Mark Ellis wrote:I understand that each player may only absorb a small percent of what is taught. I am ok with that. It takes a base level of understanding and experience to follow some of the more advanced instruction. Let each player take away what they can. If everyone only gets a few things which help their game this is still a success.
Disc golfers are not going to take notes. If I passed out paper and pencils and threatened demerits they would not take notes.
Disc golfers are not going to read pass out materials. Ok, maybe 5% would. Maybe. They might watch a video a few times but video is much more consumer friendly. If I could make more videos I wouldn't spend my time on Clinics (except to publish them on video). The videos I have published so far have over 2 million hits. The Clinic I will teach this Saturday may get 30 to 50 players.
If I can't teach something clearly enough that disc golfers can follow it then the fault is mine.
Totally understandable. When I put on clinics/classes I often ask myself, "Why bother?" when I see people recycle them/throw them afterwards. But there are those few that do hang on and do use them that thank me for them. And they don't need to be huge elaborate notes. They could be just some key summaries based on your videos, few detail pictures and they can write their notes on that. Just an option to those who want that kind of detail.
Mark Ellis wrote:On Disc Selection:
Disc Selection is too personal to be taught to a group. Just because a Crush is the perfect hyzer disc for me at 300 feet means absolutely nothing to the group I am teaching, unless their throwing style and power level is the same as mine-which it ain't. Attending my Clinic are 10 year old kids who throw 100 feet and big. strong, athletic players who throw 500 feet but can't hit the forest in front of them.
Once I see a player throw a few shots and know what spot they want to fill in their bag I can hand him the disc to do it (and teach him the form to do it). This is a one on one thing, not a general topic.
Topics which are universal are good for clinics. Throwing form is universal. No matter your skill, experience or power you need to know the various ways to throw an anhyzer (for example). Throwing a Magnet is not universal. For any given disc there are some players who will love it and others who will hate it. Neither player is wrong. I am never going to put an Optimizer or an Extreme or an Epic or an 86 Mold in my bag but each is a disc which may work well, even brilliantly, for particular players.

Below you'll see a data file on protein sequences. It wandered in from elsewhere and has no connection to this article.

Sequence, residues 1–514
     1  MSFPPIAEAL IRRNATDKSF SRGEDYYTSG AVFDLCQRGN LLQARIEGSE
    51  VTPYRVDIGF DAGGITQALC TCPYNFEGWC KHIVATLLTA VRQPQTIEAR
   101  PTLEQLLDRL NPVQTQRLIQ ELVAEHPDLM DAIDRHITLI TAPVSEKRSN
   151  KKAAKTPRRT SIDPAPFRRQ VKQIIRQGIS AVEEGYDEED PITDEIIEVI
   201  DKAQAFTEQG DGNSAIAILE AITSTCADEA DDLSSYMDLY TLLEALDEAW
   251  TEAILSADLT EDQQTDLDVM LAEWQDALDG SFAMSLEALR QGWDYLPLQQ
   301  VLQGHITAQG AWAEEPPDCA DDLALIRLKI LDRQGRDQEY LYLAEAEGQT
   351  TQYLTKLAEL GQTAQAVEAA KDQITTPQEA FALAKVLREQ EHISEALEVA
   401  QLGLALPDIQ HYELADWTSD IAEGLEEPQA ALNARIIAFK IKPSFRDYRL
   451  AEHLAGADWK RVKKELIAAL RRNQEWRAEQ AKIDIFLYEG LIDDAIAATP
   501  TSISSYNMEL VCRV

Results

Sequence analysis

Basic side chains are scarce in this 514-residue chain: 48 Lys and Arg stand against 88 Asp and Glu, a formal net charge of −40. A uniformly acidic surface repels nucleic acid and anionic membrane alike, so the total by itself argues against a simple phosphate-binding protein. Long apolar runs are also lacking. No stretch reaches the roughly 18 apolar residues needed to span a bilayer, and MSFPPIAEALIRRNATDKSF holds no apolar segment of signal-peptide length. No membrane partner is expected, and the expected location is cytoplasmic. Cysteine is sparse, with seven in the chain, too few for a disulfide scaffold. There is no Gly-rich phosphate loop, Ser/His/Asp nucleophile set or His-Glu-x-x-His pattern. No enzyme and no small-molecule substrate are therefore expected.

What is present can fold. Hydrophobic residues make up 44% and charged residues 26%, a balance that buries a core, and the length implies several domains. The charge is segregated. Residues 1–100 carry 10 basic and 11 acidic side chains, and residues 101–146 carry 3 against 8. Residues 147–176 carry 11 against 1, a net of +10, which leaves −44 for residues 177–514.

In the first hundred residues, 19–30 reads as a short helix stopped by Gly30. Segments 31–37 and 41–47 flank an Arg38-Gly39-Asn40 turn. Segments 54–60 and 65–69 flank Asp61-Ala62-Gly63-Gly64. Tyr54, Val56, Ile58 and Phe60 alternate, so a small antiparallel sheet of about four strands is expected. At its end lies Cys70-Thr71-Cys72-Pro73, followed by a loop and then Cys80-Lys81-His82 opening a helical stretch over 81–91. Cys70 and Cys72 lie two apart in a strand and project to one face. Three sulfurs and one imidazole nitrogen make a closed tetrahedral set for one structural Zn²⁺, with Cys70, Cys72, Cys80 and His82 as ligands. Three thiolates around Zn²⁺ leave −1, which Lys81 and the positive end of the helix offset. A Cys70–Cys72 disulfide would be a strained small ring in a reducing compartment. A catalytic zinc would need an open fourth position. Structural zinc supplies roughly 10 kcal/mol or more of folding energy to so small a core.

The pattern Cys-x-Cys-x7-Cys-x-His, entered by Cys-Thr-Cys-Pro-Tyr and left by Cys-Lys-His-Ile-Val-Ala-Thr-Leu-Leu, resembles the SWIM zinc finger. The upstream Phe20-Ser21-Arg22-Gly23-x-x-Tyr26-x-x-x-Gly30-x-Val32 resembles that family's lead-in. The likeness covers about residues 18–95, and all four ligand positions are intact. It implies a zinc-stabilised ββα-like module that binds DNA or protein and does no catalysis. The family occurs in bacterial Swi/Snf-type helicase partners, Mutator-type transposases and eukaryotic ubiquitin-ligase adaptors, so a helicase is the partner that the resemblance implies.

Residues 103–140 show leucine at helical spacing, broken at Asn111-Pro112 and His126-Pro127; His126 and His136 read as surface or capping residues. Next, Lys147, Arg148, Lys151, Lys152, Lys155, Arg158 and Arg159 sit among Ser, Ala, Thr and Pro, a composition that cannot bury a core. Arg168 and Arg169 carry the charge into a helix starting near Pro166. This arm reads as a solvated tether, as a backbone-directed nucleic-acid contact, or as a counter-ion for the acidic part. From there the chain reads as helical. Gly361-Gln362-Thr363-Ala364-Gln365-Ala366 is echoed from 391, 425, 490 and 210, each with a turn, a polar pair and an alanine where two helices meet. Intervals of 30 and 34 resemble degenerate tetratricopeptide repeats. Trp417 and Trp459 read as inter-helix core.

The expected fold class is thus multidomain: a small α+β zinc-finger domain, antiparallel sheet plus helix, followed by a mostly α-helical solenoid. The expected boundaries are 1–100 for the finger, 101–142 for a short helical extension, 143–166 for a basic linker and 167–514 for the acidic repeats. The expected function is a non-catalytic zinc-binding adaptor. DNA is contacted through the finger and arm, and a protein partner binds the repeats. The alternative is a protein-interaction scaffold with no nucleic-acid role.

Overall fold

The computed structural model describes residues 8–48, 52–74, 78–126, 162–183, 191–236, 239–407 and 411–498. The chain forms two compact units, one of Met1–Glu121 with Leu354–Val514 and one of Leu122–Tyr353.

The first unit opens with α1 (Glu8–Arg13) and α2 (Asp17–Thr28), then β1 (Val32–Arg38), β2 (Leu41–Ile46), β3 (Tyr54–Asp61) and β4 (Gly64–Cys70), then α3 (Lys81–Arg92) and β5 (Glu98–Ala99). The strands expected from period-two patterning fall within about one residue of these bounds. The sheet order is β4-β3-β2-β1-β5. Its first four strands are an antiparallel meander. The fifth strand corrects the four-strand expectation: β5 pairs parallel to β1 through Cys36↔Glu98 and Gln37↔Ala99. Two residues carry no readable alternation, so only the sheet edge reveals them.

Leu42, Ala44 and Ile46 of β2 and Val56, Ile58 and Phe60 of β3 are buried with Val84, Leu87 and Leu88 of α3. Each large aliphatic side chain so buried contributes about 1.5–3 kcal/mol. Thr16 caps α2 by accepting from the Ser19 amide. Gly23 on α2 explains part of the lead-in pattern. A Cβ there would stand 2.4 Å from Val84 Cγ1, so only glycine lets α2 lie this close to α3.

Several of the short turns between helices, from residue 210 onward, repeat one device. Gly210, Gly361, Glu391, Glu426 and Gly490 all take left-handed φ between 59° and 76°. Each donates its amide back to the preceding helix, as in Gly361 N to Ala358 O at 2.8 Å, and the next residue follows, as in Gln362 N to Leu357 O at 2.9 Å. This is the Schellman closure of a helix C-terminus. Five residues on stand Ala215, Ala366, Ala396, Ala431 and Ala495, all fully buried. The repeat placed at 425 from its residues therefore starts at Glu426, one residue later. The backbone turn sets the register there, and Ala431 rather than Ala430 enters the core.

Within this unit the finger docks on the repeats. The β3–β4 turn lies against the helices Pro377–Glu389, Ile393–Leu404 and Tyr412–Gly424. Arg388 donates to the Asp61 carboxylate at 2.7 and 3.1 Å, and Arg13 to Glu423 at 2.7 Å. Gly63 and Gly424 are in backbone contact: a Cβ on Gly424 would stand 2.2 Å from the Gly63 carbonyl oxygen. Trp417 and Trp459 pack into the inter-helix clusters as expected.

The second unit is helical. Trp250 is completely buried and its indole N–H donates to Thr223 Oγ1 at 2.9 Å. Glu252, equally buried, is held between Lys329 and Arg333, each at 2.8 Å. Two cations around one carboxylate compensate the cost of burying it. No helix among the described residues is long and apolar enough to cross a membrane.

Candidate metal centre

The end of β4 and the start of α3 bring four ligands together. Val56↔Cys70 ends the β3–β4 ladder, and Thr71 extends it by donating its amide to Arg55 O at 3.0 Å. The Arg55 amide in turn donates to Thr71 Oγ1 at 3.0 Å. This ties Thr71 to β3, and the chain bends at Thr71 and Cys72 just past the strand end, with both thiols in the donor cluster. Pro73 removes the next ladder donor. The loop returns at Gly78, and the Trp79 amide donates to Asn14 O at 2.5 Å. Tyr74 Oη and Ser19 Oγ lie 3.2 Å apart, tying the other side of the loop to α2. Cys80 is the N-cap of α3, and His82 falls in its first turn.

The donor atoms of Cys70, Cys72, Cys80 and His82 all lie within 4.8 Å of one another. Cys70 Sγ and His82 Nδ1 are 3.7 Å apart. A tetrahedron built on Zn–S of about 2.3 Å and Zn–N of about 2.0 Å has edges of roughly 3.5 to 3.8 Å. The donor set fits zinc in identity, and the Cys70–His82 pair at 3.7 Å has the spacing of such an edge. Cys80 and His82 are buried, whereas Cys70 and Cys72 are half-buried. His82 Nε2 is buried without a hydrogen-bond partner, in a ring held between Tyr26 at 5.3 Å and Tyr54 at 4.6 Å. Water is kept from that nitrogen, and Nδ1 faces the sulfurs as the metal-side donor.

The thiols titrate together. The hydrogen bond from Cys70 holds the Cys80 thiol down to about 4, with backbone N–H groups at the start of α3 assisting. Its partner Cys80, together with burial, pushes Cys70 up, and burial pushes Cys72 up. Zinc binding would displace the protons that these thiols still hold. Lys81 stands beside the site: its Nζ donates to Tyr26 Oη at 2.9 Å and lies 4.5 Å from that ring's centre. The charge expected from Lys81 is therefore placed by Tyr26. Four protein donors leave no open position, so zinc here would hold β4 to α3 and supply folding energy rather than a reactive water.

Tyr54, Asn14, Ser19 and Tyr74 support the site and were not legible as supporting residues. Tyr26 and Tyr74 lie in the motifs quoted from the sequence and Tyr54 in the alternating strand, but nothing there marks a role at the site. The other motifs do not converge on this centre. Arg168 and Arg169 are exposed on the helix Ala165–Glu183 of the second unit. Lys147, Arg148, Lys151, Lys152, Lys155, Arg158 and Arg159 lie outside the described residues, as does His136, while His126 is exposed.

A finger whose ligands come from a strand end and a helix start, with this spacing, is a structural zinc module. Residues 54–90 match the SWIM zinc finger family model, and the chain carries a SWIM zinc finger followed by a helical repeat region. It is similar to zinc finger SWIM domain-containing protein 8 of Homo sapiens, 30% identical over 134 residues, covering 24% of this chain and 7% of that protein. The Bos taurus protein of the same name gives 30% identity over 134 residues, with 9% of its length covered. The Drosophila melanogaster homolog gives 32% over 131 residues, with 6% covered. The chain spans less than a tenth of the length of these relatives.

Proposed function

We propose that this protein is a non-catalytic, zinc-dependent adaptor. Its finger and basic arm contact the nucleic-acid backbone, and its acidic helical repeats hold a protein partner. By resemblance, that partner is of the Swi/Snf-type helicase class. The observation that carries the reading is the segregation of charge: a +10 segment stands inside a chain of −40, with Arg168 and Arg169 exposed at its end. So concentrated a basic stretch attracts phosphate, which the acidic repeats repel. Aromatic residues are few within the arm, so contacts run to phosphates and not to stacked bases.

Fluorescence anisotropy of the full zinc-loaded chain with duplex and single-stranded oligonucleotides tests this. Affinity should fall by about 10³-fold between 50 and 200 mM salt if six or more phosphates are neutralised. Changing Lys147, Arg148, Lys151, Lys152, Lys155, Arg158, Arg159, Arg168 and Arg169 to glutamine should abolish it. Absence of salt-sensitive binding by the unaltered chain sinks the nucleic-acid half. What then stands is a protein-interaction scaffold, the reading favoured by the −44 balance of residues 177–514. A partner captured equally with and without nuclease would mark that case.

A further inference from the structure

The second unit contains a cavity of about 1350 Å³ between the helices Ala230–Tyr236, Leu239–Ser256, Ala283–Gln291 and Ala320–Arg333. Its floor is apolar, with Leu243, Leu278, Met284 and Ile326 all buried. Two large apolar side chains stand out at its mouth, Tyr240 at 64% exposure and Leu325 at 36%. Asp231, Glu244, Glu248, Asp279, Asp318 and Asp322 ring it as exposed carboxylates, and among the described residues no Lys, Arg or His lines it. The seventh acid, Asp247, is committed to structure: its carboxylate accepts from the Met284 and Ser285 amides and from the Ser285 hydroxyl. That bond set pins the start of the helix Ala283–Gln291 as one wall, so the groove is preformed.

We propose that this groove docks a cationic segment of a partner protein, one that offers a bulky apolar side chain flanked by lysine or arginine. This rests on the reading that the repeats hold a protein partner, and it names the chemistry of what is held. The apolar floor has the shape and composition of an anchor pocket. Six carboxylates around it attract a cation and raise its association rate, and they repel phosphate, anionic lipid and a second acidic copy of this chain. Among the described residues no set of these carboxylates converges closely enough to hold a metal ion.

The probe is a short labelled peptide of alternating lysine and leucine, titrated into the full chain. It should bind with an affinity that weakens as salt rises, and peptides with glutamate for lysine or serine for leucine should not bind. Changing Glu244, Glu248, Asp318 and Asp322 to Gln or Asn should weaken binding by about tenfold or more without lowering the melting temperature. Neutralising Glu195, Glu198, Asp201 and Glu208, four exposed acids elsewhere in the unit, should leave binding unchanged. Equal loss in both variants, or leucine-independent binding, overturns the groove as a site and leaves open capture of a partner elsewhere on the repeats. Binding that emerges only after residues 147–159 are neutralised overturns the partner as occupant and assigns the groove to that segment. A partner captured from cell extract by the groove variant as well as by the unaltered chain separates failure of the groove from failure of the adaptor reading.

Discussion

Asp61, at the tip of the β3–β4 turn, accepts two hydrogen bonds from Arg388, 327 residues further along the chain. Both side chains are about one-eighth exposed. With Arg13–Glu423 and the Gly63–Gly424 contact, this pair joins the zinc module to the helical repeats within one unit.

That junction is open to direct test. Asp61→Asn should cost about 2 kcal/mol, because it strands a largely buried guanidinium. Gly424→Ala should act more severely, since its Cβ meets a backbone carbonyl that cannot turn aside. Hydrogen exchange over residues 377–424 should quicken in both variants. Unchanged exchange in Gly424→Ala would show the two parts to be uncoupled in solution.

It would take an audience of only Pros and top Tournament Ams before I would consider Disc Selection Issues. The risk/reward of Wide Rimmed Drivers would be fun for very good players.
I don't personally believe in learning discs in order of speed (start with putters and only throw them until you master them then move to mids then move to narrow rimmed drivers and only last start using high speed drivers), so I don't plan to teach that approach. It makes no sense to me and I know of no examples where it was effective. Others may teach it and more power to them. I don't even buy starting all beginners on light weight, flippy discs. Some beginners are strong athletes with good snap developed in other sports.
I agree with you that this is a one-on-one topic, but at the same time, certain aspects can easily be touched up on in a group setting. Plus my suggestions were under the assumption that you were targeting the 'true beginners'. People that don't understand physics, didn't really play sports, and relatively "uncoordinated".
When I first started playing DG after the first 2-3 weeks I could easily throw Leopard/Buzzz/Comet/etc... So one of my buddies let me use his Nuke SS and it just made me frustrated cause I felt like like I was stuck or I was weak, etc... But I didn't understand the discs 'make up'. Then he suggested I go to GGGT and talk to the guys there. I remember the first time I went into Gotta Go Gotta Throw, I was completely overwhelmed. Then I talked to one of the workers there and they gave me the 'low down' and kind of a progression based on where I was at. Not to mention there's quite a few people out there that play disc golf and don't really understand what the discs really are capable of. One of the guys I play DG with, when I first met him, almost any disc he had and threw, would just go straight and fade left, and he though that was it. Discs are our tools, we need to understand them to make the best use of them.
As an Athletic Trainer dealing with college injuries can get very frustrating cause they don't feel like they're improving. One way we help them over come this frustration is to build a program based on progression. It's a blast to see someone be able to jog again after an ACL tear, it's like the best day of their life, and they tell the world. When people struggle with something, they go to clinics/class/seek help to get better, but too many clinics don't 'paint the big picture'.